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On the eve of Yom Kippur, Haaretz reported a 50-percent increase in the number of prison inmates who have found religion. The figure does not illustrate a phenomenon of contrition and a return to the straight and narrow, but, instead, the process of becoming ultra-Orthodox. The Even Shoshan dictionary defines hazar b'tshuva as "reverted to good, regretted his actions," and ba'al tshuva as "someone who leaves the path of evil and returns to good, someone who is remorseful over his bad actions." But this dictionary has not been updated for some time. In contemporary Israel, when one speaks about hazara b'tshuva, it means only a finding of religion.

Anyone who visits the courts in Israel is familiar with the phenomenon: The number of skullcap-wearers among the criminals is steadily rising. Rapists and murderers, thieves and suspects - from Ami Popper to the Perinyan brothers - are quick to grow beards and kiss the mezuzah. Over the past 10 years, according to Yuval Azoulay's report in Haaretz, the murderer, Popper, "grew stronger [in his faith]. It is difficult to know whether this strengthening of faith also includes remorse for his abject actions - the murder of seven innocent Arab laborers. He entered prison a secular individual, but he is now serving his sentence in Wing 8, the section of Ma'asiyahu Prison reserved for observant Jews.

The inmates of Wing 8 must conform to strict rules of behavior, and are required to wake up for the morning prayer service, to observe the Sabbath, to give up television and newspapers, and to study Torah. But remorse, the true meaning of hazara b'tshuva, is not one of the conditions. "Becoming stronger," "spiritual awakening," "spiritual thirst" - the process of becoming ultra-Orthodox is accompanied by a slew of positive and unsubstantiated terms.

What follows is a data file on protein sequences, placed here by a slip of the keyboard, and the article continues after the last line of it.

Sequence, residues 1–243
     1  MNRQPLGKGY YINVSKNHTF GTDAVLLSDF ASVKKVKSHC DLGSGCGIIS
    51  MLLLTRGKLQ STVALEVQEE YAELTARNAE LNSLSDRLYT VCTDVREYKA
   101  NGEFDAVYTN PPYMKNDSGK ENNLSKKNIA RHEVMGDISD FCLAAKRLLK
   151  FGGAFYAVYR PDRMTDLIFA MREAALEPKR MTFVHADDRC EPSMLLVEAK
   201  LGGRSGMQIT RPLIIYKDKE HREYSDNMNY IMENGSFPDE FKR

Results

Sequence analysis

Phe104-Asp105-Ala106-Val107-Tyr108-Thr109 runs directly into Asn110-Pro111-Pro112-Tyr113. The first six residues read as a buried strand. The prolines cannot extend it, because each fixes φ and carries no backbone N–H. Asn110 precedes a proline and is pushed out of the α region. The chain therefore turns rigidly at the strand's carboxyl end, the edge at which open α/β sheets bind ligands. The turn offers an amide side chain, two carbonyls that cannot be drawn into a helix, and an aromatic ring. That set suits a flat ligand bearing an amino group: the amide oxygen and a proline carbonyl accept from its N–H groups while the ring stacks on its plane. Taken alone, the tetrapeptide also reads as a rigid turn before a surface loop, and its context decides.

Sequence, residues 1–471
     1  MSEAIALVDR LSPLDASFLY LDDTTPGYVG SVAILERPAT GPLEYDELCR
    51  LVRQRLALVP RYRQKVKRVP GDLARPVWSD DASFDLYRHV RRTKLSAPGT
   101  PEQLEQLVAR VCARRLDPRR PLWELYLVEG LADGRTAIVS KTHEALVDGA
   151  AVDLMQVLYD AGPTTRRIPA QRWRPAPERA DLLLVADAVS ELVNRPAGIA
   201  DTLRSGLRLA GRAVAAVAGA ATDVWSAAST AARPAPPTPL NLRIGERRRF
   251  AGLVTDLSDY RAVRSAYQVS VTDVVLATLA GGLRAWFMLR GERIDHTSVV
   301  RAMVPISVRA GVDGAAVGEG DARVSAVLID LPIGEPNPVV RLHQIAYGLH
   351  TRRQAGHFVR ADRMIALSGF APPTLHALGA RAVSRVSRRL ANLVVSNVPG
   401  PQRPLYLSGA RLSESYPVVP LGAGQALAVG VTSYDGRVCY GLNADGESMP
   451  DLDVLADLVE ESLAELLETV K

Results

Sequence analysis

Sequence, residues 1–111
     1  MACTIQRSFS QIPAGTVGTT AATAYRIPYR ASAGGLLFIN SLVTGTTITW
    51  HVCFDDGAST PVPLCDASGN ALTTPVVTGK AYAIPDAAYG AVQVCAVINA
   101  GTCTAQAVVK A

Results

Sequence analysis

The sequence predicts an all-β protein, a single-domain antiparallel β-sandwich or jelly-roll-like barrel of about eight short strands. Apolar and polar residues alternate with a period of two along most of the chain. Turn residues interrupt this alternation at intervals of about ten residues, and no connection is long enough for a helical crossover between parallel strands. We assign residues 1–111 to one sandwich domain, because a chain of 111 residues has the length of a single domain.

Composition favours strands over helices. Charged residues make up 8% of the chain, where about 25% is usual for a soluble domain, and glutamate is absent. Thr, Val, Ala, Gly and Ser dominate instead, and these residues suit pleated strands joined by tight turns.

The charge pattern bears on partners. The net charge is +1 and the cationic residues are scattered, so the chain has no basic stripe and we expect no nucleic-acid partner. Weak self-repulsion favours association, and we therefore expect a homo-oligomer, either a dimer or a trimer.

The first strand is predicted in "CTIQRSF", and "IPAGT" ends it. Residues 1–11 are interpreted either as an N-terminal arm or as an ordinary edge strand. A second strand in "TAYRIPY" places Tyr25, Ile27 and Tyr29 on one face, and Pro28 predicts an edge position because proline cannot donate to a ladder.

There is a long waiting list for Wing 8 and similar sections of other prisons. Some 30 religious academies, with around 550 students, have sprouted between the prison walls. The Prisons Service is speaking of a "dramatic upswing" and about a need for opening an additional religious wing. Hazara b'tshuva, in its religious context, does indeed serve as an argument for leniency or early release, but this is not enough to explain the scope of the phenomenon. From the perspective of many prisoners, the ultra-Orthodox transformation turns them into more ethical and value-oriented people in an instant - both in their own eyes, and in the eyes of society.

There is nothing wrong with turning to religion. But does this phenomenon ensure a higher level of morality?

Prisons Service figures do indeed show that the percentage of religious prisoners who return to prison after their release is low (8.5 percent), but this figure does not yet include the recent wave of hazara b'tshuva. Time will tell if the kissing of mezuzahs and the abstaining from cigarettes on the Sabbath will also lead to a change in morality among the current wave.